Conversely to all these disks, I have my original Atari diskettes.... and other than SubLogic Flight Simulator II starting to shed during imaging, all of my disks imaged fine.  A few (possibly due to slightly dirty heads or simply due to cheaper/aged media) are showing circular patterns but they do still read, and they are not scratched (visibly).  But the worst experience those disks had was lots of use years ago, and storage in the finished part of my basement for ~20 years (cool but not damp).


Don't know the life story of these hundreds of C64 disks I'm going through now, but somebody had a gigantic collection of C64 stuff.... far dwarfing my own Atari collection of the day. 


I don't think I mentioned it, but I took apart and checked the zip disks.... mold/mildew growth on the media....  I trashed 'em all.


Oddly a few backup tapes that were in there.... no signs of mold/mildew on the exposed media there.  Some formulations, surface treatments, etc are definitely more resistant to mold/mildew than others.



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Oh, one last note.... it seems much easier to interfere with proper operation of 3.5" disks.... that probably makes sense due to the increase of density, the smaller heads, etc....


Depending on the 3.5" drive, those heads can be difficult to clean by hand ?

Some 5.25" drives too (the one I'm using had a shield above the top head.... I had too remove a screw and (temporarily a PCB) and take the shield off so I can do frequent head inspections/cleaning while working with these.


 Curious if anyone has ever found certain drive make/models to be more robust than others for data recovery/etc.  I've found little difference in 1.44 dives so far, but my quantity is limited, as the Tandy has to have a 3.5" drive set to DS0.  It will not worth with a DS1 drive even with a twist cable.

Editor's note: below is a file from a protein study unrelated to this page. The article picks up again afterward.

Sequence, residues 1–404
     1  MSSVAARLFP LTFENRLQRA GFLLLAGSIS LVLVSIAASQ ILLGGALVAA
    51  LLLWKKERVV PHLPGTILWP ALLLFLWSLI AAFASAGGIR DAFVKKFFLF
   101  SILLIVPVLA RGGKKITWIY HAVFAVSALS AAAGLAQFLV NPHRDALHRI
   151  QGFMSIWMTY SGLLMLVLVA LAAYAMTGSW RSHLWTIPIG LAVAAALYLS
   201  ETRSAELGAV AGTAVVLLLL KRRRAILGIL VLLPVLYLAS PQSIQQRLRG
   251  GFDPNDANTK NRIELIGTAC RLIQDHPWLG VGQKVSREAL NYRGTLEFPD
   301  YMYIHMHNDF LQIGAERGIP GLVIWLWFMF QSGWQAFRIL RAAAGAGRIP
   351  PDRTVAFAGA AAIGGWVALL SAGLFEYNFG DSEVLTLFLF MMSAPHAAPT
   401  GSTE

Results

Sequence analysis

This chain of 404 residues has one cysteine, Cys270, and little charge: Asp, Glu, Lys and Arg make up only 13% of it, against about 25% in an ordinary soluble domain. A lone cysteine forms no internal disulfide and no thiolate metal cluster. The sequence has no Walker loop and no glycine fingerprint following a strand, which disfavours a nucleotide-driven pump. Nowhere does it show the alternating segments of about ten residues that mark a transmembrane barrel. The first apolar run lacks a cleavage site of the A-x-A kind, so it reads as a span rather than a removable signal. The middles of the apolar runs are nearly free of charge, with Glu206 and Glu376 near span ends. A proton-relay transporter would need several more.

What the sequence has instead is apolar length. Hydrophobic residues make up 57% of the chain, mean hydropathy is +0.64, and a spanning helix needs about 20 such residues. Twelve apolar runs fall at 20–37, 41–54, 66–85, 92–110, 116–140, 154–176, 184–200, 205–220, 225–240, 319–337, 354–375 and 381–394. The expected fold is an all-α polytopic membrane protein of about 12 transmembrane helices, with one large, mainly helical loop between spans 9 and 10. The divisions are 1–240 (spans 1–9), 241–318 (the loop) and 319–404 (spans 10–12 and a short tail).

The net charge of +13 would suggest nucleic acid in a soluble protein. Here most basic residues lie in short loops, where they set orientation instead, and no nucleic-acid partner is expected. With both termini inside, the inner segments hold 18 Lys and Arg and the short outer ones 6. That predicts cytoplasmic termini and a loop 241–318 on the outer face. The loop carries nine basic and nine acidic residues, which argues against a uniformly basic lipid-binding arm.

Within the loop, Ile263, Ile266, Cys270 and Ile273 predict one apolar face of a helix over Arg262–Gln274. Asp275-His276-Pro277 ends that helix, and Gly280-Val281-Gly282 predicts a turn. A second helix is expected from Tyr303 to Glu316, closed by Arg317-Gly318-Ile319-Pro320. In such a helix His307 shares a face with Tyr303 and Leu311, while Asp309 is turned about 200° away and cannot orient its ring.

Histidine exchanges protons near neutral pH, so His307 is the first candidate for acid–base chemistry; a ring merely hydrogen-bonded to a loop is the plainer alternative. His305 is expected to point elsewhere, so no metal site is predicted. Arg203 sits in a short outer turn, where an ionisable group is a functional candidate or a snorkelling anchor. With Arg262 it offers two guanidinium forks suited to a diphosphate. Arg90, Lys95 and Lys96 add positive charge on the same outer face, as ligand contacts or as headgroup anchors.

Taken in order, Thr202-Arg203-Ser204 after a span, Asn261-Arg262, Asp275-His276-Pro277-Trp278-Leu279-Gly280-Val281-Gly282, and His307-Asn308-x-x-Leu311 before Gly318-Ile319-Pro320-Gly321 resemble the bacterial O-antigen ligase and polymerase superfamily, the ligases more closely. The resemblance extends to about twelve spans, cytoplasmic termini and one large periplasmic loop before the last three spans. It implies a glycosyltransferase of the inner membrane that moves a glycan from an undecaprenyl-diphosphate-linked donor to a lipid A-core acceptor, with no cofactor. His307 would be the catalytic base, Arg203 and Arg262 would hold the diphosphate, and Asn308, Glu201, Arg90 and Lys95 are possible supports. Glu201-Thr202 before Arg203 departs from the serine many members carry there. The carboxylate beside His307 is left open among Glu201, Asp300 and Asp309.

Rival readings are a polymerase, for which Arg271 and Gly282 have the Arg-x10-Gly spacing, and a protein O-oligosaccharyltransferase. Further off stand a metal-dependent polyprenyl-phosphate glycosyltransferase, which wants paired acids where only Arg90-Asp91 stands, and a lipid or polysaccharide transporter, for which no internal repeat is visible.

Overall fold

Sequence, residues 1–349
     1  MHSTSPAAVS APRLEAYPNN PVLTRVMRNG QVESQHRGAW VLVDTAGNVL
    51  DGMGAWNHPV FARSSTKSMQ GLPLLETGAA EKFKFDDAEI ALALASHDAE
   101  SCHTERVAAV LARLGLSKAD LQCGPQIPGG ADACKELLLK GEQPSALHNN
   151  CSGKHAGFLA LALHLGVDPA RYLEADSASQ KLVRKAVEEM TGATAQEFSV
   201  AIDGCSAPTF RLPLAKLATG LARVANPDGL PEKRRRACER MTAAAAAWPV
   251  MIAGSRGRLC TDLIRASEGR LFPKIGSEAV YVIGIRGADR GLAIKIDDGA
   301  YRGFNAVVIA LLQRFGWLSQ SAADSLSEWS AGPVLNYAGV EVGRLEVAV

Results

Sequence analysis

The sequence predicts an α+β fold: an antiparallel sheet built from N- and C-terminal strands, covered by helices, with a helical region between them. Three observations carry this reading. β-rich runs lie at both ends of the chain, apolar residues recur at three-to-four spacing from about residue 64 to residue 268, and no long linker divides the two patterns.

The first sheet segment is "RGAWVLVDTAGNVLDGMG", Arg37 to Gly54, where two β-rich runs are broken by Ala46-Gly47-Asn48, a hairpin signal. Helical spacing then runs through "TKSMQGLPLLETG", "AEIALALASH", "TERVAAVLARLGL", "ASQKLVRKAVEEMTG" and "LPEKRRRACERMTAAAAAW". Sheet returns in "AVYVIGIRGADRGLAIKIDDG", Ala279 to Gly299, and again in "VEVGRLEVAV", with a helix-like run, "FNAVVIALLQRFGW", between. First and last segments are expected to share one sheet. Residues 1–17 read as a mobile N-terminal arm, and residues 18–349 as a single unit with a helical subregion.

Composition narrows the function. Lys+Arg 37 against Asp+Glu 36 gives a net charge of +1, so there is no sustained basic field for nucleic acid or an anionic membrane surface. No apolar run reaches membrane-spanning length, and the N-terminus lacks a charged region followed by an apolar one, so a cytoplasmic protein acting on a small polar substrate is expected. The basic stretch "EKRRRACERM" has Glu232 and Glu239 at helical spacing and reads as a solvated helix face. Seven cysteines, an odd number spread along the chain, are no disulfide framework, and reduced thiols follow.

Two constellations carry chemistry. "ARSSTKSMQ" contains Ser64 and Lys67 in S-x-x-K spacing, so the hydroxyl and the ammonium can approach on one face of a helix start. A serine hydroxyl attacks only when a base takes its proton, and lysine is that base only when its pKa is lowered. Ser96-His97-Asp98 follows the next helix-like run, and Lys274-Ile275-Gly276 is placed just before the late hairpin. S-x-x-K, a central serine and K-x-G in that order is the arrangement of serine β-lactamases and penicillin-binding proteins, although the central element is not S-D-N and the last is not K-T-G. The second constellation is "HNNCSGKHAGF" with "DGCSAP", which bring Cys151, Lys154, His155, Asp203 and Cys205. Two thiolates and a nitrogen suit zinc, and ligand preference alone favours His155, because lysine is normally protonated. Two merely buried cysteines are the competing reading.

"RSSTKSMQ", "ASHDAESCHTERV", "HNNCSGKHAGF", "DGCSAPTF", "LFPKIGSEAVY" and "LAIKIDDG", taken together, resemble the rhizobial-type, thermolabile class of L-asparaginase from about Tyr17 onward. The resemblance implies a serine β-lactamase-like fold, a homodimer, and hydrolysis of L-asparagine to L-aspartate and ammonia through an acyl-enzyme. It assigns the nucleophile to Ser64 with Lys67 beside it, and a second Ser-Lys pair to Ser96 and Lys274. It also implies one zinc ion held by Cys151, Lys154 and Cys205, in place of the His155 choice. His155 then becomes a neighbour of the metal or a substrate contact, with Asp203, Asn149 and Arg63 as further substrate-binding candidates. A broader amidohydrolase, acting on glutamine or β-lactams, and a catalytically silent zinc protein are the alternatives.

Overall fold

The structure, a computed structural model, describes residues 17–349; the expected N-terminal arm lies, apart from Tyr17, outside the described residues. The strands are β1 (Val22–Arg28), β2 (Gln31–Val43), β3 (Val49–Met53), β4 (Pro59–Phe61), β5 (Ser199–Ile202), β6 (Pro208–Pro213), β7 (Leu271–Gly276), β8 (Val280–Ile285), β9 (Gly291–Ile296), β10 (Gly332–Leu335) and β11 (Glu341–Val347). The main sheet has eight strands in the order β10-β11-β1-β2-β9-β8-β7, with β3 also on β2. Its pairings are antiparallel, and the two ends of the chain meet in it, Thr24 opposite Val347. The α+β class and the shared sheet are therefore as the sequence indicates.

For 5.25" work, the Panasonic JU-455-5AAB I'm using on the tandy has been great... (minus having to remove that upper shield for frequent head inspections/cleanings).  I have a different 5.25" drive on my supercard pro rig that has also been great.... but I forget what that one is (it is a 360K, possibly YE data).



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The type of contaminant on the head determines what's going to clean it. Alcohol, water, detergent. Sometimes one alone isn't enough. The correct cleaner for the task.


Alcohol would clean sharpie marks. Whereas water and detergent wouldn't touch it. And you'd want water to clean salt deposits from disks coming from storage located on  seaboards/coasts. Alcohol would just let the it stay there and grind. Water would temporarily dissolve and lube it allowing an absorbent material to wick it all away. This on both heads and diskette surfaces.


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@Keatah... regarding the shedding... definitely something to watch out for... i.e. I think it is old Wabash diskettes (at least 8") if my memory is correct.  I have some of those for DEC... and if you use your fingernail you can w/o any pressure shed material.


However, even back in the day, the noise level of disks differed between brands.... their binders, the 'grain?' of the particles, the coatings/etc... these all made a difference in sound of operation.  Possibly even the cleaning liner made a difference in sound.  The noisier (less silent) ones in my testing are not shedding... but the surface of the media is not as smooth (visually) as the quieter media.


So far the only issue I've ran into in dirty heads is contamination from the media... either a bad disk that shed a bit, or there was contaminant freed up (most of these C64 disks were flippies... who knew which way they were rotating last in the jacket ? ).  So thankfully I haven't needed anything other than a Q-tip and alcohol.... so far ?


It has been an interesting experience.... I've learned from it.  Ultimately the time I've spent on going through these was probably not the best use of my time.... but I hate throwing potentially useful stuff out ?


I did a bit more last night.... finally format tested some of the name brand disks.  The Maxells faired best.


Someone else also mentioned bulk erasing... and I had a couple of disks that had initially formatted with a few errors... after bulk erasing and reformatting they formatted fine.


Further format tests will be preceeded by a bulk erase so that if a disk has errors on formatting I know it is not because of stray or off track magnetic interference.



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Most of the noise comes from the surface rubbing against the liner. I've had all kinds noisy and quiet ones. Doesn't seem to affect lifespan.


When noise happens because of the head, you're in trouble. In Apple drives it's about 300Hz. Give or take as the bunched up shedding oxide rolls around. Once it bunches up, the track is threadbare and you get a warbling tone that's clearly audible.


Otherwise I hadn't really noted much head noise if any.